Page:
EXCLUSIVE: Bus drivers are told they WILL get full sick pay from now on… after they continue to work with covid-19 symptoms because of money fears
- Drivers with families have been getting as little as £153.32 per week sick pay
- Many have carried on working because they could not afford to self-isolate
- Fourteen transport workers have died after contracting covid-19 so far
- There are fears that the buses are acting as incubators for the disease
- After being questioned by MailOnline, Transport for London (TfL) told all London’s private bus operators to offer full sick pay
- But drivers remain sceptical about whether their bosses will take heed
- It comes as further videos and photographs of ‘filthy’ buses emerge
Bus drivers have been told that they will now get full sick pay after many went to work with covid-19 symptoms because of money fears, MailOnline can reveal.
Hardworking drivers with families have been getting as little as £153.32 per week, forcing them to choose between self-isolating and putting food on the table.
Typical sick pay rates should be between £300 and £500 per week, depending on length of service. But in practice, many get far lower sums.
Fourteen transport workers have died in London after contracting covid-19 so far, including eight bus drivers.
There are concerns that the buses, which are used by NHS nurses and other keyworkers, are acting as incubators for the disease which has been spreading rapidly in the capital.
After being questioned by MailOnline last night, Transport for London (TfL) wrote urgently to all London’s private bus operators, telling them to pay full sick pay.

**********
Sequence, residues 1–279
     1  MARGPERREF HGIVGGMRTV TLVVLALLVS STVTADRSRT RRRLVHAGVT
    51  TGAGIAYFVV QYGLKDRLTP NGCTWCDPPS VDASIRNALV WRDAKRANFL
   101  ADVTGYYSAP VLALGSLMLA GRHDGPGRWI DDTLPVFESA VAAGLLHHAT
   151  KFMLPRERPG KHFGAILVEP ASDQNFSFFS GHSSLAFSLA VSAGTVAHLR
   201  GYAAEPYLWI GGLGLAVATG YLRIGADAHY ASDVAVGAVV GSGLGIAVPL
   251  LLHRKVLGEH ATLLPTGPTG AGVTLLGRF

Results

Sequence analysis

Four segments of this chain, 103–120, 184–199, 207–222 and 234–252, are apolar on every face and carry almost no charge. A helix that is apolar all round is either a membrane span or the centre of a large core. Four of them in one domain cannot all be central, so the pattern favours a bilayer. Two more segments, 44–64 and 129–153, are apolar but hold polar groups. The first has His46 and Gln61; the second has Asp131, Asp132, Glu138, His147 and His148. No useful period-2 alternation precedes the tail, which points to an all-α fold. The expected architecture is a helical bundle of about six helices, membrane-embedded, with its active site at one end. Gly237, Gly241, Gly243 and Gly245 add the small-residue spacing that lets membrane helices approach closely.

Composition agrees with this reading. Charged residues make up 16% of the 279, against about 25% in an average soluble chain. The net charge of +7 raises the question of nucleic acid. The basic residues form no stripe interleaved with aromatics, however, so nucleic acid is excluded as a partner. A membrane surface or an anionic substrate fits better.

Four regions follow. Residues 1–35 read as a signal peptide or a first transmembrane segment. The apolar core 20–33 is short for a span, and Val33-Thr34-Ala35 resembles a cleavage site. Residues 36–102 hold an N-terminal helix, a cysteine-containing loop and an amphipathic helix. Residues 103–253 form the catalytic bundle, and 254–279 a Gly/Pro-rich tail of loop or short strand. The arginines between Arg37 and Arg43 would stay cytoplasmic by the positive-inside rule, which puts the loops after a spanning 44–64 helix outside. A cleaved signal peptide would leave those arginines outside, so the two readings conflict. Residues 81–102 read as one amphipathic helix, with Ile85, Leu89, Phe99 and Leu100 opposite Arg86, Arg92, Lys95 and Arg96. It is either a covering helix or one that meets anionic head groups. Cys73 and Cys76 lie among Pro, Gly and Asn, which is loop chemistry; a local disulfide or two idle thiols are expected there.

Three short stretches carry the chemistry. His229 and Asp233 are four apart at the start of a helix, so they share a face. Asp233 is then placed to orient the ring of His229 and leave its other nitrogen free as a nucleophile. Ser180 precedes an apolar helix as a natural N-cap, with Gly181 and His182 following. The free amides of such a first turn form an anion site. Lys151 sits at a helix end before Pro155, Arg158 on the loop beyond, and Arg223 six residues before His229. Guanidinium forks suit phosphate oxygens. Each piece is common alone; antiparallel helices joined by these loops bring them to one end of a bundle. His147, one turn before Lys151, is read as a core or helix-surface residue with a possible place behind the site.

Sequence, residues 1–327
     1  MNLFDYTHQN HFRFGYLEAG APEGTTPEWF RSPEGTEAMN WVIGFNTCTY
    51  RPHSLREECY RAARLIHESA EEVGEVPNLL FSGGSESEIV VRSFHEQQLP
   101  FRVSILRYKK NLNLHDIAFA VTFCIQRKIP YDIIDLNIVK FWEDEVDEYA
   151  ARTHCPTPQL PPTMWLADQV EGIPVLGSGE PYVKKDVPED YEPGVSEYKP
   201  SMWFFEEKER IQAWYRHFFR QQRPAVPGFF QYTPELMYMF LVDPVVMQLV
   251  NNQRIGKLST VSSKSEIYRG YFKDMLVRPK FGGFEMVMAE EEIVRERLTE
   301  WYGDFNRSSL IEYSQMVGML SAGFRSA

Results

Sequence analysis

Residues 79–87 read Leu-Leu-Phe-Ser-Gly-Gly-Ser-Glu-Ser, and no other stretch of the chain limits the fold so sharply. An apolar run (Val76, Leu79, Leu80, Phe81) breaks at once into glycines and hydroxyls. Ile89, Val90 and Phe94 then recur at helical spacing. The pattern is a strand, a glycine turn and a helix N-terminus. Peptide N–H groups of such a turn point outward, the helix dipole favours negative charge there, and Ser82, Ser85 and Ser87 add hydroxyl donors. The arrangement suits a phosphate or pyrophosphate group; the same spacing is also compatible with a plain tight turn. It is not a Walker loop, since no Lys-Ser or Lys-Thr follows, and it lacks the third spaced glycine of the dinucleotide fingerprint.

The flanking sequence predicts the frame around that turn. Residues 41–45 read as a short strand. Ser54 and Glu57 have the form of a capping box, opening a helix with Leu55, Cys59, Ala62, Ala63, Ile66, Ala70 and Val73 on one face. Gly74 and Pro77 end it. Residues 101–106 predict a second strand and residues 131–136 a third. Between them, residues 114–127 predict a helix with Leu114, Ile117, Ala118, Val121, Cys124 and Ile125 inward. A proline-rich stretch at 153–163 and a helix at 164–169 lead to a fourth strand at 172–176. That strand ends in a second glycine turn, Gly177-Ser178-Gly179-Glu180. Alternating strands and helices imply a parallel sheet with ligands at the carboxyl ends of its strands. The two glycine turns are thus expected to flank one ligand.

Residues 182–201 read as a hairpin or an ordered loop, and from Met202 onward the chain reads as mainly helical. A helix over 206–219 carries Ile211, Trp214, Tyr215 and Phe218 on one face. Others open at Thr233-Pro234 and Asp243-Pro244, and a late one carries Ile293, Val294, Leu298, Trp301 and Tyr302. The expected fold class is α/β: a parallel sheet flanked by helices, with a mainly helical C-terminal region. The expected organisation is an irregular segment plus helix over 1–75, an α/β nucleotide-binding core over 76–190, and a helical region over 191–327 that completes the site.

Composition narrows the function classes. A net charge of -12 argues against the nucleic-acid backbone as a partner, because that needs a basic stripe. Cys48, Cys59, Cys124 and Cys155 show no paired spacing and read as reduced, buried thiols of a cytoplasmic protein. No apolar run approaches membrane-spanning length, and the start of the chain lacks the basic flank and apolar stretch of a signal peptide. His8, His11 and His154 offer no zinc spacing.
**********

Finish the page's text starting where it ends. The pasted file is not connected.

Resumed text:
But many transport workers fear that this has come too late. ‘The culture needs to change,’ one said. ‘They’re used to treating us like dirt and they won’t stop overnight.’
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A bus driver wears a medical mask as a precaution, as MailOnline reveals that many are going to work even though they have covid-19 symptoms because they are getting low sick pay
Bus driver Emeka Nyack, 36, right, who died of coronavirus after raising concerns about the filthy state of his bus, with his son Makiah, seven
Bus drivers Mohammed Nehman, left, and Nadir Nur, right, both died of covid-19
Speaking anonymously, a driver who has been employed by Metroline in north and west London for five years said he had been forced to work with a cough.
‘I had to self-isolate last week because my son had a chest infection,’ he said.
‘At first, my manager put it down as unpaid leave because I didn’t have the symptoms myself yet.
‘We had a big row and in the end I got £153 for the week. I haven’t been able to pay the rent and I’m getting threatening phone calls.
‘Bus drivers live hand-to-mouth as it is. Now we’re pretty much broke. I’ve got three children and they’re eating me out of house and home.
‘Now I’m coughing, but I’ve got to just work through it. I’m terrified that if I get too ill to work, what that would mean in terms of money for my family.’